Winter of Creativity Leads to Outburst of #Lunchbagart

Recently, the writing has been slow. Slow to form in my head. Slow form under my fingers.

Instead of waiting for inspiration, I started a new project to stir my creative juices: a cartoon a day for a daughter’s lunch bag.

It came about when the dry erase part of her lunch bag stopped working and the last message wouldn’t go away. We used to write supportive and fun notes each day, and it was disheartening to see we couldn’t do that anymore. I used to be an artist in high school, but haven’t taken any formal classes, except one elective in college. Still, I love to cartoon. I’m probably not an artist because I couldn’t stop cartooning and just draw a still life. I love superheroes and my kids like my art, when I get the chance to make it. Finally, in a quick fit of inspiration while my wife was packing the lunch bag, I created a silly drawing.

So this…


Became this…


Somehow, from that first, quick sketch, I branched out and made another and another. And now the inside of her lunch bag always includes a weird or familiar character or scene. Sometimes I draw from my love of pop culture or comics or the current season. I’m also a fan of the old Addams Family cartoons and H.P. Lovecraft.

monster image and Pac man scary funny image and Vampire Dracula hates Twilight.

Sometimes I draw from a character that she likes …

Rhett and Link

…and other times it’s ones my son likes …

Assasin's Creed 10608561_10204785671823041_8010709653459023269_o

Other times, I just challenge myself to create on the fly and see whether it works.


And once I even had a request from one of her classmates for a Phoenix.


I’ve taken to calling them #lunchbagart and have been sending some of them out via twitter @shawnproctor and via Instagram, just because, unlike my writing, it’s solely for fun. There’s a tiny audience I’m creating for–my family. It’s a thrill to hear one of the kids walk by and say, “That’s an awesome Rhett and Link.” Even if I copy an existing piece, I never resort to tracing, because there’s energy and thrill in discovering the shapes that make up a character. And, more than anything, I love to think about my daughter having something to look forward to in her lunch bag, a place where you’d least expect to find an original piece of art.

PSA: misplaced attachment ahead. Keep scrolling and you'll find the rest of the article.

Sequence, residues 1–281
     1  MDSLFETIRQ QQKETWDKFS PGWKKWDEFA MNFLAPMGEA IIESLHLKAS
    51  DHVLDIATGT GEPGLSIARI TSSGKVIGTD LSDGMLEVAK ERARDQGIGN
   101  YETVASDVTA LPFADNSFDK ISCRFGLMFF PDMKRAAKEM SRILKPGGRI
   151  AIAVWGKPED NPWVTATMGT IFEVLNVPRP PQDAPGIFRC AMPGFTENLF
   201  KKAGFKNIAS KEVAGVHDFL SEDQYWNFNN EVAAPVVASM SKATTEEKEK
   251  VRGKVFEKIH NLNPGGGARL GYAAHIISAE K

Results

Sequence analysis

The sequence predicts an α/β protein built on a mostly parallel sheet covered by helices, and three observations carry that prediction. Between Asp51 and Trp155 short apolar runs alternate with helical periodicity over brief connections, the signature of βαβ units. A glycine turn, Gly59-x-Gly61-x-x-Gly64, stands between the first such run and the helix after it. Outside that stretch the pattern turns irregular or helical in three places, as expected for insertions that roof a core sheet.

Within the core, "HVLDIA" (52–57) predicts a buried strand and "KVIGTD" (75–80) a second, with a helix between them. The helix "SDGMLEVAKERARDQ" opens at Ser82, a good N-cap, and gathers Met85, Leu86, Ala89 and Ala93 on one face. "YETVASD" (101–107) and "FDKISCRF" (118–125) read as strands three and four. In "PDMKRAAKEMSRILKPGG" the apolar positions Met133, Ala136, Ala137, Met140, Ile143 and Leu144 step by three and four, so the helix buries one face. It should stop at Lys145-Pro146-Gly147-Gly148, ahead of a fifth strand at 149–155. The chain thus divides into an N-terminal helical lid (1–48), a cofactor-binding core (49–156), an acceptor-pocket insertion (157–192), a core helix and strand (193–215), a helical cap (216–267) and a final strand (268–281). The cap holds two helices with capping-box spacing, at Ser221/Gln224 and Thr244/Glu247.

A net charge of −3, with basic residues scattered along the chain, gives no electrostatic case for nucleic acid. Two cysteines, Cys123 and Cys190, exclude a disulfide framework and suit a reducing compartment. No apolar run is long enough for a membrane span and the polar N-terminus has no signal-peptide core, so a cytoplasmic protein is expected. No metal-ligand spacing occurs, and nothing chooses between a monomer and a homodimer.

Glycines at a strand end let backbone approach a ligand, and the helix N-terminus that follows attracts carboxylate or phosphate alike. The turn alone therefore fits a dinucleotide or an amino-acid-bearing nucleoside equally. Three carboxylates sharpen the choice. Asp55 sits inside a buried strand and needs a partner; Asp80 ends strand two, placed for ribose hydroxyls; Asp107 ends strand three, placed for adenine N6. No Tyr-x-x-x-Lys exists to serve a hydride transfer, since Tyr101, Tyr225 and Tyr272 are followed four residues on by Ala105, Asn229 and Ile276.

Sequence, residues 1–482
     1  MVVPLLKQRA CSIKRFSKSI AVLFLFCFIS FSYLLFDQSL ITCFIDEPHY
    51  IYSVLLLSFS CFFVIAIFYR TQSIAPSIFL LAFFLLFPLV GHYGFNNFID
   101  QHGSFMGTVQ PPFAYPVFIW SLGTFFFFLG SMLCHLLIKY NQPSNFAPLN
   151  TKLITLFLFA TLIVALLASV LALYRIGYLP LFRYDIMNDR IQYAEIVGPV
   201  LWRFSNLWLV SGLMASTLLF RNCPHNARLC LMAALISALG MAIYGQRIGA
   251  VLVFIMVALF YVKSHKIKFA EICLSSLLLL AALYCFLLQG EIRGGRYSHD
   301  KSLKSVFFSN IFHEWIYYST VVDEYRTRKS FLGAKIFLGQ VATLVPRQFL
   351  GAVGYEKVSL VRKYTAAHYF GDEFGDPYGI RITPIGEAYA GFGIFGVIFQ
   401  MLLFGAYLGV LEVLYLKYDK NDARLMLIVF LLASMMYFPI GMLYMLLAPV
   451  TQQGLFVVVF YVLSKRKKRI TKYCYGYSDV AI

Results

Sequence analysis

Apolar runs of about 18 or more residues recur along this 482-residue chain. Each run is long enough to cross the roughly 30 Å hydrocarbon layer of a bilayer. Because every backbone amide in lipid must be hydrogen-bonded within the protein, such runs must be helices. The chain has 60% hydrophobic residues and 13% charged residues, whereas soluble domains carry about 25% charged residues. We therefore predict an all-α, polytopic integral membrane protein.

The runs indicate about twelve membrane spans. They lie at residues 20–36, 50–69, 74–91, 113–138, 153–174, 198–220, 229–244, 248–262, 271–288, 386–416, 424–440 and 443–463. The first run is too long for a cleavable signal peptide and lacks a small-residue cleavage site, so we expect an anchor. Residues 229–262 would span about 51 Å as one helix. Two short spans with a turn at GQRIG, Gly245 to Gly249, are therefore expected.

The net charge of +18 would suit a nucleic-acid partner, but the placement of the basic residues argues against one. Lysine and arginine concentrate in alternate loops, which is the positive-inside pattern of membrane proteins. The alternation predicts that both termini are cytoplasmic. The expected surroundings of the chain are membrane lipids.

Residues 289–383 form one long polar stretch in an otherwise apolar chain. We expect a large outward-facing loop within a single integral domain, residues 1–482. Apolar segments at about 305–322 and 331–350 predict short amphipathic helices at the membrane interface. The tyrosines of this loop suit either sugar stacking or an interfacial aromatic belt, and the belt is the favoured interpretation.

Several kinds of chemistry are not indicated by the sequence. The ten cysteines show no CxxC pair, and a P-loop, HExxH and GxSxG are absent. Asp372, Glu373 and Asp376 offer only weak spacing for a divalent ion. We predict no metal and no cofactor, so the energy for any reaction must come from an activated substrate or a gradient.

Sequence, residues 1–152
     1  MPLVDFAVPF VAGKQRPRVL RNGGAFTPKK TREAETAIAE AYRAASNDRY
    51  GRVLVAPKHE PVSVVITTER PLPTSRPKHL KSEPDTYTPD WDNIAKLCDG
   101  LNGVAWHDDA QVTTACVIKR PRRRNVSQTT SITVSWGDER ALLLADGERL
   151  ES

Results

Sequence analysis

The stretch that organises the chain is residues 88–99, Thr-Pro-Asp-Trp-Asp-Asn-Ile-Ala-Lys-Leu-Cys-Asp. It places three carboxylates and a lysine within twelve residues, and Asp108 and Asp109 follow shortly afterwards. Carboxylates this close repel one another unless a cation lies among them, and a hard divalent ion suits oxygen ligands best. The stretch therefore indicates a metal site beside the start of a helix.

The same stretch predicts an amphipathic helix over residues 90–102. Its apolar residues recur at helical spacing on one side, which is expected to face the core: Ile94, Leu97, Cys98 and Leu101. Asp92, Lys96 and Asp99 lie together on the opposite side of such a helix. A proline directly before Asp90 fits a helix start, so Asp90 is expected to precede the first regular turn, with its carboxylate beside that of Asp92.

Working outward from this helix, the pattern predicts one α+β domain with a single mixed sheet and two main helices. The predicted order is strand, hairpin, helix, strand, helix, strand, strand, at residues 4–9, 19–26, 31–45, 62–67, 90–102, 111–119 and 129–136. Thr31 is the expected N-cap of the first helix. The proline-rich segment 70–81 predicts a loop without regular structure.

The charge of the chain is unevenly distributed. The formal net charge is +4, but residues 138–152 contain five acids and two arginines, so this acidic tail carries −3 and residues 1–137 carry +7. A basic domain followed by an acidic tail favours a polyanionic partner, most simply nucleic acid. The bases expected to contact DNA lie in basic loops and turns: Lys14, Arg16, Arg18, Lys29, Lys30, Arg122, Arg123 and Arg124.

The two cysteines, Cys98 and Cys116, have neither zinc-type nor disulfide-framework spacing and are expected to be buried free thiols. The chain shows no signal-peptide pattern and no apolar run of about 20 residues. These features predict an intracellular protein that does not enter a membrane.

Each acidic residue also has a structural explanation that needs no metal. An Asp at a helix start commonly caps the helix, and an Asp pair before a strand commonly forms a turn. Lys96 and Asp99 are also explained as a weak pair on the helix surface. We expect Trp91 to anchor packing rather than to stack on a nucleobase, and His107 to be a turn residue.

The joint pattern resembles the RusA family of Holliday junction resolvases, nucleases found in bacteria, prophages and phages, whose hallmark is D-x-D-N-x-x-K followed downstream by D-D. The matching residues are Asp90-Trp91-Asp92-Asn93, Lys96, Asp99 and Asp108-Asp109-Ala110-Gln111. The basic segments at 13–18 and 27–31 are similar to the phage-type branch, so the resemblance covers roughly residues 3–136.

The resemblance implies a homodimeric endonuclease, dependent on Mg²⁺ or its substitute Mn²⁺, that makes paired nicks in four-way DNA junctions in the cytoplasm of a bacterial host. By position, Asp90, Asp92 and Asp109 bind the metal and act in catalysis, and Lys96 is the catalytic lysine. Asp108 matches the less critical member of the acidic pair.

Steal This Blog! eBook Piracy Presents Authors an Opportunity

Authors and would-be authors know ebook Piracy is on the rise. Just like digitizing songs (read: Napster)  put every piece of music ever at your fingertips (legally or otherwise), ebooks and online magazines places nearly any book or article within easy download and create similar opportunities for illegal downloads. Throw in movies and television, and there’s practically no way to keep up with new, worthwhile content.

Image: Media Bistro

Back to ebooks though. If you are like me and believe authors deserve to be appropriately compensated for their electronic novels, what should you do? Vanessa K. Wright offers an interesting payment scheme in her blog, which would set two prices, based on whether you want your book sans advertising:

“Option 1 (U.S. TV model): The ebook is free to the consumer, but you have ads every X amount of chapter breaks. Option 2 (U.K. TV model): The consumer pays for the book, but there are no ads.”